Insuristic, a specialist insurance broker to the probate market, has written The Complete Guide to Executor Insurance to help executors and personal representatives understand the insurance policies that are available protect them and beneficiaries.
The guide covers the key insurance policies that anyone acting as an executor or administrator should be considering.
The role of an executor or personal representative carries with it great responsibility. If anyone involved in administering an estate makes a mistake, it could create liabilities for all the executors, personal representatives, and beneficiaries. These risks can usually be insured against via a range of insurance policies.
This guide has been written to help both professional and private executors. It is split into sections, which also suggest the order in which each policy should be considered:
- Insurance to review immediately
- Unoccupied Property;
- Occupied Property; and
- Land Insurance
- Insurance to consider whilst preparing for the Grant of Probate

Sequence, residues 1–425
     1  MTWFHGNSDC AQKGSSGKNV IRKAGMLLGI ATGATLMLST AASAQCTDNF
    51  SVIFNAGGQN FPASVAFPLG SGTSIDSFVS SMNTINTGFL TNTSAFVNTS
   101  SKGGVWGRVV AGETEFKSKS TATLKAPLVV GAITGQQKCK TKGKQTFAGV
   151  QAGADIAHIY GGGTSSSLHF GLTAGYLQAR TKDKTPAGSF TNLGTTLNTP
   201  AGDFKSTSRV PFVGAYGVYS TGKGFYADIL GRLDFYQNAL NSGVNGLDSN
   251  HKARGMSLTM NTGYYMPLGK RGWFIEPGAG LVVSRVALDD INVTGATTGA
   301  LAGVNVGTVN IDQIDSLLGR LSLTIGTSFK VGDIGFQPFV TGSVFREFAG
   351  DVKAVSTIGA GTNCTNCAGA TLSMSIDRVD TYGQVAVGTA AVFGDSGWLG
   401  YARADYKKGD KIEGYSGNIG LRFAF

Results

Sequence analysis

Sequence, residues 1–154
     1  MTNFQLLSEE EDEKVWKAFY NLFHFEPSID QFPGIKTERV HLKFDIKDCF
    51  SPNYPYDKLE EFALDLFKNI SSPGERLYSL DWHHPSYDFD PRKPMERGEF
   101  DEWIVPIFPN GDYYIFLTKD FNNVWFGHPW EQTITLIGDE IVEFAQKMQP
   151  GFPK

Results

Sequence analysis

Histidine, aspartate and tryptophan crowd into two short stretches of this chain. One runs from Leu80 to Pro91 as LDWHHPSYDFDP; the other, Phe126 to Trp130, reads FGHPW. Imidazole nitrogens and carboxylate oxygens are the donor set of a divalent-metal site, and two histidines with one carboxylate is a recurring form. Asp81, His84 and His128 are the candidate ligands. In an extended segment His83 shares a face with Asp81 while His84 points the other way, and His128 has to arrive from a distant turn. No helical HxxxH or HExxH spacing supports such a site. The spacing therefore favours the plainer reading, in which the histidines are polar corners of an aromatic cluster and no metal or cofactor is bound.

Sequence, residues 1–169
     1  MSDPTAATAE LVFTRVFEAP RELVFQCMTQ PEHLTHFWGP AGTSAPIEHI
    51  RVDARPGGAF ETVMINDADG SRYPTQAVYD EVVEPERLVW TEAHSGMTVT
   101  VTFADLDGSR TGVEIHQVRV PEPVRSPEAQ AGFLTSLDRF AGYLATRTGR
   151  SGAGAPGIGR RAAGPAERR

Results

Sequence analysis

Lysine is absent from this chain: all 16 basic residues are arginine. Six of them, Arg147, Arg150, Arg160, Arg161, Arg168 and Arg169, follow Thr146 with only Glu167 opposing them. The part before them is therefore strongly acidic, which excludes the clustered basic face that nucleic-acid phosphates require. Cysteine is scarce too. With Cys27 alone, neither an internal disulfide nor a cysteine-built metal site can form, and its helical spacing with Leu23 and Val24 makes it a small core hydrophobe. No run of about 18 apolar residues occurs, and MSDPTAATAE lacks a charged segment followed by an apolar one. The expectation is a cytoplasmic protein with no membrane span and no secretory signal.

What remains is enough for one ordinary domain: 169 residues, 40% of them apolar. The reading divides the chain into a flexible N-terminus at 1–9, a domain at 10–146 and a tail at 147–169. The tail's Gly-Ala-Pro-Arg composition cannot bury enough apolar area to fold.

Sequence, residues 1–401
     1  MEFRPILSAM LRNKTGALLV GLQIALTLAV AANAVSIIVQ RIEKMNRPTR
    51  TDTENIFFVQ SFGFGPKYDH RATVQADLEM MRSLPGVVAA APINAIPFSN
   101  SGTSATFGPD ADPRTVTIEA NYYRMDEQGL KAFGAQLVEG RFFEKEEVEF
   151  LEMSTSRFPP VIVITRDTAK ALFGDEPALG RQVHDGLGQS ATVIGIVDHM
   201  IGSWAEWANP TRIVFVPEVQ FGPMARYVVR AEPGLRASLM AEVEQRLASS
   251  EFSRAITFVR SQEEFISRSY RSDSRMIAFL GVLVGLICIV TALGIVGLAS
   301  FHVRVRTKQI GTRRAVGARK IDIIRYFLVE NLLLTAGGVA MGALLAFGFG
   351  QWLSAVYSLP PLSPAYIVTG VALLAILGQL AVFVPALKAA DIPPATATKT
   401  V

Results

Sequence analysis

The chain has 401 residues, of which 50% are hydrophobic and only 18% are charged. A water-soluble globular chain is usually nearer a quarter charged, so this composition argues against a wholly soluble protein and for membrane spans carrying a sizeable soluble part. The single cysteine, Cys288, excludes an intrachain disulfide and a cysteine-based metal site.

- Section 27 Insurance – provides insurance protection against claims from unknown creditors after the estate has been distributed. Cover can be purchased with or without a Section 27 Notice.
- Early Distribution Insurance – protection if the estate needs to be distributed without waiting for the 6 month waiting period to end;
- Insurance to consider when you are ready to distribute the estate
- Missing Will Insurance – covers the risks associated with a newer will being discovered after the estate has been distributed.
- Missing Beneficiary Insurance – covers the risk of a either a known or unknown missing beneficiary coming forward to make a claim against the estate after it has been distributed.
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To find out more, please visit https://insuristic.co.uk/executor-insurance/.
If you are interested in partnering or introducing clients to Insuristic please visit https://insuristic.co.uk/estate-administration-insurance/ for more information.
This article was submitted to be published by Insuristic. The views expressed in this article are those of the submitter and not those of Today’s Wills and Probate.